No, the US economy is not in recession, or even on the verge of recession. Those who still had doubts certainly no longer have any since today and the publication by the Bureau of Labor Statistics of the employment report for the month of July, in which it appears that the world’s largest economy has created more 500,000 jobs last month “The unexpected acceleration in payroll growth in July, combined with the further drop in the unemployment rate and the resumption of wage pressure, ridicules claims that the economy is on the verge of recession”comments economist Michael Pearce, at Capital Economics.
528,000 non-agricultural jobs were created in the United States, twice as many as economists had anticipated. It is also beyond what the United States had accustomed the Stock Exchange to in recent months (an average of 457,000 per month over the first six months of the year). There, total employment has even returned to its level of February 2020, before the health crisis.
Job creations affected all sectors of the economy. They were particularly numerous in the leisure and hotel sectors (+96,000), business services (+89,000) and health care (+70,000). “There is no evidence that the slowdown in activity in the housing and manufacturing sectors is translating into weaker employment growth”notes Michael Pearce.
Again, the 0.75 point bearing on the table
Faced with a labor market also “hot”, according to the qualifier of the economist, the stock market’s dream scenario according to which the American central bank would soon stop raising interest rates (because inflation was starting to subside), and even lower them at the beginning of the year. next year has just been demolished, where the many declarations to this effect by several central bankers this week had done nothing. San Francisco Fed President Mary Daly said in particular that the work of the US central bank was ” far “ to be finished in the fight against inflation.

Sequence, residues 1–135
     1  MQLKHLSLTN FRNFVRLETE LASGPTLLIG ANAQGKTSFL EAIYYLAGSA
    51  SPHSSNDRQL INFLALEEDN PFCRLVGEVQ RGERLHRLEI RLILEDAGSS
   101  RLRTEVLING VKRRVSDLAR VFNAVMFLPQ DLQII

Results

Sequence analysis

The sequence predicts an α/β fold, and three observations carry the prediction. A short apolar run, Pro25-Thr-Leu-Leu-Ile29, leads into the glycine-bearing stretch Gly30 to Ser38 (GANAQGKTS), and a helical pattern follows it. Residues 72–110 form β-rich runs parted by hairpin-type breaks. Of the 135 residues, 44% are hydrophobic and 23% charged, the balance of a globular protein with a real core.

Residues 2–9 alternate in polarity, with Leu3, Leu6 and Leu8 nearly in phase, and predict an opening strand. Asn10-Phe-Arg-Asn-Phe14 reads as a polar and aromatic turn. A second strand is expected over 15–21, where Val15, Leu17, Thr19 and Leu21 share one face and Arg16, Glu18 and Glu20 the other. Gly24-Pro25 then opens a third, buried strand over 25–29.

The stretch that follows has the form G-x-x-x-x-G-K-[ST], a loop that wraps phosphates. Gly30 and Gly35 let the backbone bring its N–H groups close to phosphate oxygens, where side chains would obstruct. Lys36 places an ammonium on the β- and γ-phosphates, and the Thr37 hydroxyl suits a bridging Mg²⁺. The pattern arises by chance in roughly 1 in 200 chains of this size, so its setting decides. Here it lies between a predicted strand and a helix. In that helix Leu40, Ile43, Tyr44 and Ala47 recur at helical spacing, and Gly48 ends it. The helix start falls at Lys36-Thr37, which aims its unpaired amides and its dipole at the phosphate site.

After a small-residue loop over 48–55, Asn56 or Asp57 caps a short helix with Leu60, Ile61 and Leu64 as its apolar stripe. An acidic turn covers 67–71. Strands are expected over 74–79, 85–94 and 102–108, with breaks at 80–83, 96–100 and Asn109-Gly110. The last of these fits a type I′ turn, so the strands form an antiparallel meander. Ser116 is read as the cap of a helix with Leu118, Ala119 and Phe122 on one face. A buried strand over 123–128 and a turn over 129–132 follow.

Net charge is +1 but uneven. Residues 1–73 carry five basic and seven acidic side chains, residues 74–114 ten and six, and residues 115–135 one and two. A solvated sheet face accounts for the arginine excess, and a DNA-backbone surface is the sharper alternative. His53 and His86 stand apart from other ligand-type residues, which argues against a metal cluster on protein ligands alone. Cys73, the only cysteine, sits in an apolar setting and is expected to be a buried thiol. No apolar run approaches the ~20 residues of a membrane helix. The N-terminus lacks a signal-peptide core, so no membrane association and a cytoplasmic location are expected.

Once again, according to CME calculations based on derivatives on Fed Funds, debt market operators see the Fed raising its key rates by 75 basis points, within a range of 3 to 3.25% ( implied probability of almost 70%), and no longer just 50 basis points just before the publication of the statistic.
the Bedroom 40 lost 0.63% today and closed below the 6,500 point threshold, at 6,472.35 points, ahead of the publication next Wednesday of the US consumer price index for the month of July . Wage figures in the jobs report raise fears of self-sustaining inflation. In July, the average hourly wage increased more than expected, by 0.5% compared to June and by 5.2% over one year (4.9% expected by the consensus in July, after 5.1% the month previous).
Banks and TotalEnergies have benefited
On the bond market where, however, the month of August is reputed to be the best month of the year, sovereign debt rates have started to rise again (and therefore their price is falling). The yield on 10-year US bonds is up almost 20 basis points, to around 2.86%. Yields on debt securities with shorter maturities are also rising, but less sharply. The yield curve is steepening again as fears of recession in the world’s largest economy recede, which has benefited banks who do what is called maturity transformation: they borrow short-term to long-term lending.
At the European level, the sector index for the profession gained almost 1%, the best performance just behind the index of companies in the “basic resources” sector (mining), and ahead of oil companies. In Paris, Agricultural credit gained another 2% on the Cac 40, after already a good rise yesterday, in the wake of the publication of its second quarter accounts, better than expected, thanks to record activity for the investment banking division (sales of hedging products for companies against variations in interest rates, currencies, raw materials).
Recession fears, particularly in England, where the country’s central bank has outright announced it for the end of the year, explain the 12% drop in oil prices this week. But even if the price of Brent from the North Sea remains, this Friday, below the threshold of 100 dollars per barrel, it has been rising since 2:30 p.m. exchange at nearly 96 dollars (+2% compared to yesterday).
TotalEnergiesdown most of the session, closing with a gain of 0.5%.